Use 2" masking tape to mask off the rest of the woodwork.
Take the plastic supermarket-type grocery bag and place it on the front of the sitar. Using 3/4" masking tape secure the bag to the beading around the edges of the front in such as way as the beading is also protected.
When you have finished this, unite the bag to the other bag you have already taped down at the bottom of the neck.
Fill up any gaps here with masking tape. Now all the sitar is completely protected against dust and paint spliis, etc.while you work on the gourd.

The crack:
First, repair the crack by coating the sides of this with glue, pressing the crack together and winding twine round the gourd to keep the crack shut. Leave until the glue is dry, then unwind the twine.

The hole in the gourd:
Cut a piece of the carbon fiber cloth and secure it under the hole so it isn't sticking out beyond the outside of the gourd.
Thread wires through the carbon fiber cloth so when the cloth will be pushed into the hole the wires will cause it to be held against the inside of the gourd, against the edges of the hole. The ends of the wires will be on the outside of the gourd so they pull the carbon fiber cloth up against the inside edges of the hole.
Remove the carbon fiber cloth and wires but leave the wires in the cloth.
Coat the inside of the hole with glue. Then coat the edges of the carbon fiber cloth with glue. Carefully push the carbon fiber cloth though the hole and, using the wires, pull the carbon fiber cloth up so the glue meets with that you have already applied to the inside edges of the hole.
Leave this for a few hours and then apply more glue to the carbon fiber cloth at the edges of the hole.
Eventually you will have the carbon fiber cloth bonded to the inside of the hole. When this has all dried out remove the wires.

Now, using the plastic wood, build up layers on the carbon fiber cloth until you have filled the hole. The plastic wood should protrude a little so you can sand it down when it is dry and get a good curved profile.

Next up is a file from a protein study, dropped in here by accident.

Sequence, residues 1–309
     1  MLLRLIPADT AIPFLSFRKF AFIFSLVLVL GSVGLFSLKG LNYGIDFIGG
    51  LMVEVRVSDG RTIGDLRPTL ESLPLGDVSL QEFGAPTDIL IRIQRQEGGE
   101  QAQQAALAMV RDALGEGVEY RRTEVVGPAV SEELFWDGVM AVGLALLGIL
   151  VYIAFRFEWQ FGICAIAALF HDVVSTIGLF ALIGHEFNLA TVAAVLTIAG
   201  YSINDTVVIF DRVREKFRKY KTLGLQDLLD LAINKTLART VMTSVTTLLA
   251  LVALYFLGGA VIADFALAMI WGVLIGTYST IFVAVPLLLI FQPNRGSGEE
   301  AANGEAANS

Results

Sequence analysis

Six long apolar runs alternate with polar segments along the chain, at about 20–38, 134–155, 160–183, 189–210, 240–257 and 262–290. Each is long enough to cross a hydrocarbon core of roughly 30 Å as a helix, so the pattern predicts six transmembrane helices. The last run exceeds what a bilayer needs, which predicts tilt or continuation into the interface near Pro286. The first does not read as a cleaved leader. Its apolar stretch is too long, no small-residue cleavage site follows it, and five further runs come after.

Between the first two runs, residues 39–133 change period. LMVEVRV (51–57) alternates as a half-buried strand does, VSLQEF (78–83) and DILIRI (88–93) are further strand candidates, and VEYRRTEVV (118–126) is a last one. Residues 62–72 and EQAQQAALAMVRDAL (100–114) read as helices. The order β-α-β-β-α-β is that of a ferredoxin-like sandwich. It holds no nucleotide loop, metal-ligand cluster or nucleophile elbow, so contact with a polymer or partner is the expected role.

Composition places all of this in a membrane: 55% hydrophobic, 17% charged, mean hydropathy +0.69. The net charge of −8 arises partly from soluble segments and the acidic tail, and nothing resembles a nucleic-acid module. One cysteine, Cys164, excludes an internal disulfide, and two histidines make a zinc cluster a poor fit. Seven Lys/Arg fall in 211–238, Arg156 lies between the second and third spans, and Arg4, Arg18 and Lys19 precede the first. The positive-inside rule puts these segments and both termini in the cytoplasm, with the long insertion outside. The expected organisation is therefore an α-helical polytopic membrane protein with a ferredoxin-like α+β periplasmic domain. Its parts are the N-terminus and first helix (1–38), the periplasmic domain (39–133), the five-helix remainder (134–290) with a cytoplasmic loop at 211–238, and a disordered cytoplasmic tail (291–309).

When dry, sand the patch down using coarse, then medium, then fine sandpapers.

Fill the crack with Bondo Glazing and Spot putty and, when dry, sand with medium and fine sandpapers until smooth.

Spray the gourd with several coats of sandable wood primer sanding between coats for smoothness.
If the gourd has previously been finished with french polish you'll need some thick coats of primer otherwise the final gloss coat will react with the french polish and spoil the finish.
Apply the final coats of gloss paint and remove all masking when dry.
Take some primer and apply it to the unpainted space around the wooden leaves. Then, when the primer is dry, apply some of the gloss paint around the wooden leaves.
and... you're done!

Note: you can also do these things and then, instead of spray paint, use an undercoat made from colored earths and french polish then French Polish the gourd. This is the traditional and proper way to refinish a sitar gourd and is what I normally do. If you wish to learn how to do this, borrow some books on wood finishing from your local library.
Be very careful about breathing in denatured alcohol or allowng it to be absorbed through the skin. Alway make sure you are in a well ventilated area. Poisoning is culmuative with this. Shame on any government that deliberately poisons a substance just so they can tax "legitimate" alcohol for drinking purposes. Denatured alchohol can blind you, cause hearing loss, Parkinson's disease like syndrome, and nerve damage.

Got more questions? e-mail Peter and I'll do my best to find an answer for you, plus I'll put the Q&A into this FAQ so this will help others.